Development of athlete career transition support

Submitting Institution

University of Stirling

Unit of Assessment

Sport and Exercise Sciences, Leisure and Tourism

Summary Impact Type


Research Subject Area(s)

Medical and Health Sciences: Public Health and Health Services
Education: Curriculum and Pedagogy
Psychology and Cognitive Sciences: Psychology

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Summary of the impact

As a consequence of research carried out at the University of Stirling, as set out in this case study, the following developments to athlete career transition support have been achieved

  • A proactive athlete career transition support programme has been developed in the Republic of Ireland. At this point, 219 athletes across 24 sports have been supported by the programme.
  • A multi-dimensional intervention has been created in the Republic of Ireland containing the proactive and reactive support processes, identified by the research, aligned with critical support stages before, during and after the 2012 Olympic and Paralympic Games.
  • The research findings have informed the training of psychologists and advisors in the Republic of Ireland and Scotland who work with athletes who retire from their sport.
  • The sportscotland Institute of Sport has developed an explicit high performance sport transition model in order to guide practitioner transition-based decision making, and where required, professional intervention and athlete/coach support processes.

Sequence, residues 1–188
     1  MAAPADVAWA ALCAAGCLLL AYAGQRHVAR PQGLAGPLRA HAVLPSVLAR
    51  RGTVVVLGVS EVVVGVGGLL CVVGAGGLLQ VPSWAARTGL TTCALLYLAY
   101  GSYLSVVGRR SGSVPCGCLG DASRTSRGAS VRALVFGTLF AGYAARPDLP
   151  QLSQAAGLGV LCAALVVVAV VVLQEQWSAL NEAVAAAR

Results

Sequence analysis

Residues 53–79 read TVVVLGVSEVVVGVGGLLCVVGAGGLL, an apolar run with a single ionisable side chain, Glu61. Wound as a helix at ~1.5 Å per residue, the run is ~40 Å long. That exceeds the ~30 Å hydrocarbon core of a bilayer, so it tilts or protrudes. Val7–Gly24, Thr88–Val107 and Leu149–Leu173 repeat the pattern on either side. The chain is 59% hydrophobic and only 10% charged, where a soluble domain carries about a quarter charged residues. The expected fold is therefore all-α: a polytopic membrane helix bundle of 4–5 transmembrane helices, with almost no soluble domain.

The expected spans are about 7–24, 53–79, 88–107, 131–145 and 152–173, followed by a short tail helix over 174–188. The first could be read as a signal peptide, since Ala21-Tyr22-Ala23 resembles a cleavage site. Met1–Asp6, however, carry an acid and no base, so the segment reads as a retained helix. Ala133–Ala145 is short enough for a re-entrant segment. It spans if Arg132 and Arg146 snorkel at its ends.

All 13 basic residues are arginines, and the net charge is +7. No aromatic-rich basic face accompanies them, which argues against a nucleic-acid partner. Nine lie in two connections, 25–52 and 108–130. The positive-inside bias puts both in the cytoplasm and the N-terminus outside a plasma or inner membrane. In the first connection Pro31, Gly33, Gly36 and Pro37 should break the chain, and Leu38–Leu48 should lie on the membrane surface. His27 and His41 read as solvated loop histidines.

Underpinning research

The intensity of training and commitment that athletes often make to achieve success can have negative consequences. This research was led by Professor David Lavallee after he took up his post at the University of Stirling. The systematic review set out in this case study, was carried out from August 2011-October 2011 and examined the transitions high performance athletes make to other careers after they retire from their sport. The purpose of this study was to provide a systematic review of studies on athletes' career transition out of sport in order to identify the existing evidence base and inform intervention strategies. The research produced a journal article and a series of conference presentations that have disseminated the findings to academic and practitioner communities.

The research identified the key variables related to the quality of athletes' career transitions. These variables have been used to train practitioners who are providing proactive (e.g., career planning, providing education of transferable skills) and reactive support (e.g., coping with emotions, supporting identity reformation process) programmes to athletes to help them prepare for their career transition out of sport and adjust to post-sport lives. This research has found that high-level sporting competition plays an important role in developing transferable skills such as communication and time management, but that athletes who focus exclusively on their sport can become role restricted and be more at-risk of finding it difficult to change career. Athletes who are better prepared for life after sport are able to balance their education and career development alongside training and competition. In recent years, career and education support programmes for athletes have been developed in countries around the world, however, this systematic review research has changed the way athletes are supported through these programmes.

The research team
The research was carried out August-October 2011 by
David Lavallee: Professor and Head of School of Sport; joined University of Stirling in July 2011
Sunghee Park: Doctoral Student, University of Stirling in 2011
David Tod: Lecturer, Aberystwyth University in 2011

References to the research

Park, S., Lavallee, D., & Tod, D. (2012). Athletes' career transition out of sport: A systematic review. International Review of Sport and Exercise Psychology. DOI: 10.1080/1750984X.2012.687053


Details of the impact